Wednesday, February 11, 2009

King Stork by Howard Pyle, Illustrated by Trina Schart Hyman

You never know what you'll find at the library. Even the children's section can have some surprises.

I believe parents should look at what their children are reading. Beyond sharing a good story, parents and children can talk about what they like, ask and answer questions, and maybe make up new stories of their own. Some stories give entertainment, some impart practical knowledge, some inspire and others help kids navigate common, or uncommon, obstacles. I think all books teach us something.

Mr. Pyle's story, redrawn by Trina Hyman, follows the attempts of a drummer boy to succeed at three tasks with the intent of winning the hand of a beautiful princess. A magical stork, who can change to human form, helps him with each task. The princess has a mean streak, and magical powers to boot, so the drummer boy needs all the help he can get. After the drummer boy achieves his goal, he is advised by the Stork King to do something to save his bride from her wickedness; he beats her with a stick until she promises to be good. In the drummer boy's defense, she turned into a giant cat, wolf, and snake and tried to thrash him as well, not to mention she cut off every previous suitor's head and stuck it on a pike. I think the Brothers Grimm would be proud.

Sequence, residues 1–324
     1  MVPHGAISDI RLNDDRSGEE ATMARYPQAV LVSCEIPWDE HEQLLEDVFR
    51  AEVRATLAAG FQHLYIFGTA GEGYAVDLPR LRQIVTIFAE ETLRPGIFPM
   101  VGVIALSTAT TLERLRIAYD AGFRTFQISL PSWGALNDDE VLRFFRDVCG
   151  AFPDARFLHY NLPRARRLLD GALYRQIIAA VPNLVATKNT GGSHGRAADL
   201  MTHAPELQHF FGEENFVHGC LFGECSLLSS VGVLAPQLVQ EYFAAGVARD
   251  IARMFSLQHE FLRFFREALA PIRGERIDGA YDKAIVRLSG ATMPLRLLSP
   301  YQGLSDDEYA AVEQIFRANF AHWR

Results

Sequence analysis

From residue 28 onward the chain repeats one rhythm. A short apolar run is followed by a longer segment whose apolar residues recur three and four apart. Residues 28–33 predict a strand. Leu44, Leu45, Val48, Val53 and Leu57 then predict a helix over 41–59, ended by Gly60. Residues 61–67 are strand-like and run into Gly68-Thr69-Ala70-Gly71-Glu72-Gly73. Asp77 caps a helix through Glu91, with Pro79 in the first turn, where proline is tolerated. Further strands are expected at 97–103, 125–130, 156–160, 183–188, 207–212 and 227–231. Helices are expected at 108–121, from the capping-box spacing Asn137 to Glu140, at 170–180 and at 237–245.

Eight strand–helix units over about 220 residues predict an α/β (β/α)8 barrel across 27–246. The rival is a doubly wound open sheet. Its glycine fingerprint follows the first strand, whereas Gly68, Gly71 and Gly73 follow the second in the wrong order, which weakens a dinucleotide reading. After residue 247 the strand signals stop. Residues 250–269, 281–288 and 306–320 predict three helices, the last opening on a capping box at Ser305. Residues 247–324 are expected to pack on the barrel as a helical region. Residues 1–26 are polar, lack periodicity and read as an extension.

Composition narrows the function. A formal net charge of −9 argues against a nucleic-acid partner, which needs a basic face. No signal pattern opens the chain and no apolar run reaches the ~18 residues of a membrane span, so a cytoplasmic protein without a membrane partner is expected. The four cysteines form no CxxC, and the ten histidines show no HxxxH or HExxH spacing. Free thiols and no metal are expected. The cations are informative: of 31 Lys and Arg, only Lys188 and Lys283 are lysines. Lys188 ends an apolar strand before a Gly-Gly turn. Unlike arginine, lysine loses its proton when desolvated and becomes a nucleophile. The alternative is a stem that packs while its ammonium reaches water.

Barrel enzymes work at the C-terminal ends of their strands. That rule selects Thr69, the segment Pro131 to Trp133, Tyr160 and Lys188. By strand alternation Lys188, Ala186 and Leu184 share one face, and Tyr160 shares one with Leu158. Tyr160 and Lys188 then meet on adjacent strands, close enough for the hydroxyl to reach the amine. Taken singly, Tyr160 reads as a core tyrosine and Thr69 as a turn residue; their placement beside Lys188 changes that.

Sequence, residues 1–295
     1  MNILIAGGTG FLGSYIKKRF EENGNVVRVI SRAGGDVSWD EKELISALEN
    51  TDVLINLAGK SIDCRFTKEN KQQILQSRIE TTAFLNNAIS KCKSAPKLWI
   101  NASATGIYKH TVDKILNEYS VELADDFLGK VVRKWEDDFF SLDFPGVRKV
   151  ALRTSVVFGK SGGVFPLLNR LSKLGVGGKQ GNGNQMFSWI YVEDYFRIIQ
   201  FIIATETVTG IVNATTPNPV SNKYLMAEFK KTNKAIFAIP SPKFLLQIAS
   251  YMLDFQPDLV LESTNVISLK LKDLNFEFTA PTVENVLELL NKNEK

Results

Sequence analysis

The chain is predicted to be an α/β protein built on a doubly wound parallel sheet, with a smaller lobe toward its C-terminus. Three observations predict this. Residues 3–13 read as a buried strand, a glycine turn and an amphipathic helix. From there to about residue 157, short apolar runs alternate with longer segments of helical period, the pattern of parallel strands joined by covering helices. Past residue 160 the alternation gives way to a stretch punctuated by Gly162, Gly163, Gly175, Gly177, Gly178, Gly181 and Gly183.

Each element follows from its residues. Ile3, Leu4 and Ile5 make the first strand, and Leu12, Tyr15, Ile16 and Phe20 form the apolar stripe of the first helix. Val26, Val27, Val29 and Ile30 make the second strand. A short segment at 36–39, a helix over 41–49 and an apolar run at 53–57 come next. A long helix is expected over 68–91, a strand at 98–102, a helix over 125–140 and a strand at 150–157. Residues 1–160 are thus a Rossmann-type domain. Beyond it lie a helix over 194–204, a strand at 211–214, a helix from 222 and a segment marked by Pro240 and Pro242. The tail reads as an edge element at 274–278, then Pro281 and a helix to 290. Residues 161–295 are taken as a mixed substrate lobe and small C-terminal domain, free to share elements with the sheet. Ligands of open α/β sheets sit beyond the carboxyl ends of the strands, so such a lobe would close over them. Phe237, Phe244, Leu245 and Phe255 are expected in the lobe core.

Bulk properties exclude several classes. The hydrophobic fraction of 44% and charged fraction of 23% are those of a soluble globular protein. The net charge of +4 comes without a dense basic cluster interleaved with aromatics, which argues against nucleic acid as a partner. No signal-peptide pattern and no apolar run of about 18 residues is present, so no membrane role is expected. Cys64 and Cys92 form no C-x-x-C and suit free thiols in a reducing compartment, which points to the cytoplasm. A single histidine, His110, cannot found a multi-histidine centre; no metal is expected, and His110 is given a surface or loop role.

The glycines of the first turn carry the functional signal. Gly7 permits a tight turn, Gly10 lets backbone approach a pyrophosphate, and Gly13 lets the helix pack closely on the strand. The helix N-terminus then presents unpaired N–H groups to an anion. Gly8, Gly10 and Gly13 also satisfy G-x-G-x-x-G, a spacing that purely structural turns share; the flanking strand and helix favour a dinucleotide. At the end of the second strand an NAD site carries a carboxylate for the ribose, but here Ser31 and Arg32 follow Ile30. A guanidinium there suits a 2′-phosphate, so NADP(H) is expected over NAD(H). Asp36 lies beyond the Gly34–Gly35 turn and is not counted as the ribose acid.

This is an older book, copyright 1974. The author died in 1911. The slight mysogynistic streak may not have been so noticable had it not been for the illustrators depiction of the princess. Her white gown is open in front almost to the navel, and while there is no obvious cleavage, the details that show through the gown leave no doubt of her gender. I'm sure the illustrator may not have intended to promote stereotypes of beautiful women being evil temptresses whose purpose is to lie in wait for simple men and destroy them. The detailed artwork certainly draws you in, so to speak.

Parents will have to decide whether to let their children read this book. Some may want to discuss the illustrations, others may prefer to keep the book shelved rather than expose it to their children. A protest to a library about the appropriate placement of such books in the children's section most likely will come to nothing. In some cases I wish books had ratings like movies so those parents with concerns about particular content could steer clear of certain works until their children reach a higher level of maturity so conversation can be easier. I for one feel that certain issues are best left for discussion when a child is emotionally and intellectually ready to understand them.

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